Cloudy with a Chance of Meatballs

Ummm... sure, on DVD...

... and as it turns out, that will be your only option since it's no longer in theatres. The 3D was cool and the story was cute, but the movie was too long (and at 90 minutes long, that's not a good thing).

The fact is that, probably by design, Meatballs has little emotional impact and you really don't feel any different walking out than you did walking in. That's not to say that it won't do it's job... this movie was created to entertain children, not change an adults outlook on life. It's just that, and I will continue to do this, when I compare this Meatballs to any Pixar film, it seems superfiscial... empty... bubblegum.

Rent Cloudy with a Chance of Meatballs for your kids and get some housework done while they're distracted, but don't rely on it for wholesome family entertainment.

The Fourth Kind

No.

Don't try to fool us with your fake ass "clinical studies", horribly acted "interviews" and mildly frightening "actual footage". We're not buying it and a dramatization of the fictional events isn't necessary. We certainly don't need to see the "actual footage" and the dramatization side by side using a split screen.

Finally, I've said it before and I'll say it again... Milla Jovavich CANNOT act. Stop putting her in movies. Even bad ones. If the only actress you can get is Milla Jovavich, DON'T MAKE THE MOVIE.

The Proposal

Yes.

The Proposal was released in theatres on 6/19/09 and on DVD and Blu-ray on 10/13/09.

I actually liked The Proposal. It's a super formulaic rom-com and you already know how it's going to end even if you haven't seen it yet. Bullock does and OK job playing the bitchy boss-lady. Her bitchiness was apparent more due to the reactions of the people around her than the actions of her character. Reynolds plays the same better than average looking every guy that he plays in all the romantic comedies he's in. His ability to ground these kinds of movies helps to elevate them above the common chick flick.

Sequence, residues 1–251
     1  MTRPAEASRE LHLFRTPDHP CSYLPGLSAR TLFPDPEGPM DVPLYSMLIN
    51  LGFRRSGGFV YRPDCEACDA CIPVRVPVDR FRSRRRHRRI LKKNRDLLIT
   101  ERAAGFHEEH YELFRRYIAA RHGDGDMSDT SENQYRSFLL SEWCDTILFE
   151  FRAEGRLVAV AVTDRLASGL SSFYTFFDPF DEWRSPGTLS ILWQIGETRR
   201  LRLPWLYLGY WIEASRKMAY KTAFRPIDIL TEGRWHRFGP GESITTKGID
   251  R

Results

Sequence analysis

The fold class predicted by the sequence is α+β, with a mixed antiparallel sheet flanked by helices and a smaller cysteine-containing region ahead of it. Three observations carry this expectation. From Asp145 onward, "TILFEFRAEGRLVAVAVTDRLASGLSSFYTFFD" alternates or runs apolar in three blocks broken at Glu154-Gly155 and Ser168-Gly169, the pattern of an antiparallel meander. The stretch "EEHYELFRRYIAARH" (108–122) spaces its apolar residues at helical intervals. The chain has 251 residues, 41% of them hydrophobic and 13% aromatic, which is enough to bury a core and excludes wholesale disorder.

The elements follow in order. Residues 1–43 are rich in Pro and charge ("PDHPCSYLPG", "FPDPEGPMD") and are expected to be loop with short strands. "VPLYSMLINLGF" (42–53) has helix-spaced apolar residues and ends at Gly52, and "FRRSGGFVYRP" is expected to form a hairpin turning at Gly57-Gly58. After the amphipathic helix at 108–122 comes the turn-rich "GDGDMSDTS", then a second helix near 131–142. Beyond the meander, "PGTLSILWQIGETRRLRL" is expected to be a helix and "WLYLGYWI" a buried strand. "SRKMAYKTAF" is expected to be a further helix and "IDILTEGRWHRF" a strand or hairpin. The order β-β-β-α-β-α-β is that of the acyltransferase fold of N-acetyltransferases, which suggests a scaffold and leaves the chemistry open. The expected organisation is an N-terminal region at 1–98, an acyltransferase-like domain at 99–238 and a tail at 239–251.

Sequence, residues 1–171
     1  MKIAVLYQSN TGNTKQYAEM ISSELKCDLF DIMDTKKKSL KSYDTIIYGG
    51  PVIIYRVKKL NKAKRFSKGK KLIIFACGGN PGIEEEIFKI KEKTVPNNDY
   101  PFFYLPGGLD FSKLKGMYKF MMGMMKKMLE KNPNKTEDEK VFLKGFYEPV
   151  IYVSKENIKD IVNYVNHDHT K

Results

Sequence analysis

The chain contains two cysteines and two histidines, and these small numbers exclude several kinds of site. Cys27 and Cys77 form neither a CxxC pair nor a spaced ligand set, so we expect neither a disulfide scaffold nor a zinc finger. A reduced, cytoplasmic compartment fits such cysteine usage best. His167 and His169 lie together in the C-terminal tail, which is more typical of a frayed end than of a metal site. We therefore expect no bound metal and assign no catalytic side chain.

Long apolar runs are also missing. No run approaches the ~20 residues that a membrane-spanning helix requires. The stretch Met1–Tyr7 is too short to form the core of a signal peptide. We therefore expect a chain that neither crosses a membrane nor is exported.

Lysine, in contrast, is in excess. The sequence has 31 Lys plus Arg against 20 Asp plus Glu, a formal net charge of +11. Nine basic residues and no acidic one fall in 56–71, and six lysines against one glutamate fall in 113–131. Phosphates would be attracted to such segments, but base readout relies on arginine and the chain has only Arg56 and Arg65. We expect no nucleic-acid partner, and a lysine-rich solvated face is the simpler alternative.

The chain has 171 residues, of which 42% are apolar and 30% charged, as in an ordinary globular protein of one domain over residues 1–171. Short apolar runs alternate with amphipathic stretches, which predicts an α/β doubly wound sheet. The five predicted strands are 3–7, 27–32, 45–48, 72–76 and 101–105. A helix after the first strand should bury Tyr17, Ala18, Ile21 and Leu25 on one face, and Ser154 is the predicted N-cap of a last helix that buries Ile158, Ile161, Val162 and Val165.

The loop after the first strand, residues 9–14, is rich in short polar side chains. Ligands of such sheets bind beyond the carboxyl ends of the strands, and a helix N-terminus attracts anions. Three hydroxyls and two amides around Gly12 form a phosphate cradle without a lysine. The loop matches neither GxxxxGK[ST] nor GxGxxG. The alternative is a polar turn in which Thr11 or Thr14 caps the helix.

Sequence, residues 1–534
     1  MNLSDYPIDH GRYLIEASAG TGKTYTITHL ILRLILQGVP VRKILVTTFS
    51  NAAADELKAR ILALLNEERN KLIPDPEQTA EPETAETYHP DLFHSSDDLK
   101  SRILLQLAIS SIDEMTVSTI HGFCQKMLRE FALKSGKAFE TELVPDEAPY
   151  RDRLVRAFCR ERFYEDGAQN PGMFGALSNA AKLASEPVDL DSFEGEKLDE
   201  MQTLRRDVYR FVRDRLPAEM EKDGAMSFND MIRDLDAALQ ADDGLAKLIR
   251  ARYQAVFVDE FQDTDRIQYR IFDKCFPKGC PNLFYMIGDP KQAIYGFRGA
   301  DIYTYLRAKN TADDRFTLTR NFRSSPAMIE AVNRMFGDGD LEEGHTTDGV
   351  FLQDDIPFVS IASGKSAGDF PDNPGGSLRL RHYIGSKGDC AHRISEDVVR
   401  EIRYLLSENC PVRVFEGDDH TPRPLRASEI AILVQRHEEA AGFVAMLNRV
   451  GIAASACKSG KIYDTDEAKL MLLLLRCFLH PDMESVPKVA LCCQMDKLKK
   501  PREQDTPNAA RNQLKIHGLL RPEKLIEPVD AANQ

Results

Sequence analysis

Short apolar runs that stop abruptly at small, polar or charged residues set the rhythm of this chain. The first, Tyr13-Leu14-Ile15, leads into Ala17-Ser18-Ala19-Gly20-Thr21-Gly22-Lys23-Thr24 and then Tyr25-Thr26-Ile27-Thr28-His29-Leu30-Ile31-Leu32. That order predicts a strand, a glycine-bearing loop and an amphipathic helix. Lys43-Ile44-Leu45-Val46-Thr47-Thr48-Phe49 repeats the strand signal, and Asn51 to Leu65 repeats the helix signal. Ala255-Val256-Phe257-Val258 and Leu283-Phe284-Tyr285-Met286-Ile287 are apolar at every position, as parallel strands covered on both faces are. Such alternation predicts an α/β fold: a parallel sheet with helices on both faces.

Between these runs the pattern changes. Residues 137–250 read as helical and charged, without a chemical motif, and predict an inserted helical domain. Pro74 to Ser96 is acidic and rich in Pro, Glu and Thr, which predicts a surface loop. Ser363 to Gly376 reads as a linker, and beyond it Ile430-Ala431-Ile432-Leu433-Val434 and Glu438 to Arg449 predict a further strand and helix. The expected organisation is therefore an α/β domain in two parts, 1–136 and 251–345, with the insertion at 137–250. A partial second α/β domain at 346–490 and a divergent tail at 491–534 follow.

It's easier to recommend since it's available for home viewing, although I think that I would still mildly recommend it if it were still in theatres.

Crank: High Voltage

No.

Crank: High Voltage was released in theatres on 4/17/09 and on DVD and Blu-ray on 9/8/09.

There is no possible way to take this movie seriously, even as a gag. In the first movie he needed to keep his adrenaline up. Fast car rides, sex, gun fights, helicopter crashes... these are all legitimate ways of keeping your heart rate up. Some of them are dangerous, but they won't necessarily kill you instantaneously. In High Voltage, he needs an electric charge to keep his heart pumping. Hooking a car battery up to you tongue and grabbing hold of high voltage electric conductors at the top of a tower should have just killed him. Having hard core raunchy sex in the middle of a horse race track to create friction during the horse race and hooking up jumper cables to your crotch instead of just your arm could probably be classified as overkill... and stupid.

I suppose if you're willing to buy into the fact that he fell out of a helicopter with no parachute and survived, Asian gang members happened to be there to collect his living body from right where he landed to bring him back to their hideout to harvest his organs, that he was alive during the harvest, and that he decided to fight back when he realized that the next organ they were going to take was his penis, then there really is no reason not to enjoy the rest of the movie.

From my opinion, though, no, you should not watch Crank: High Voltage.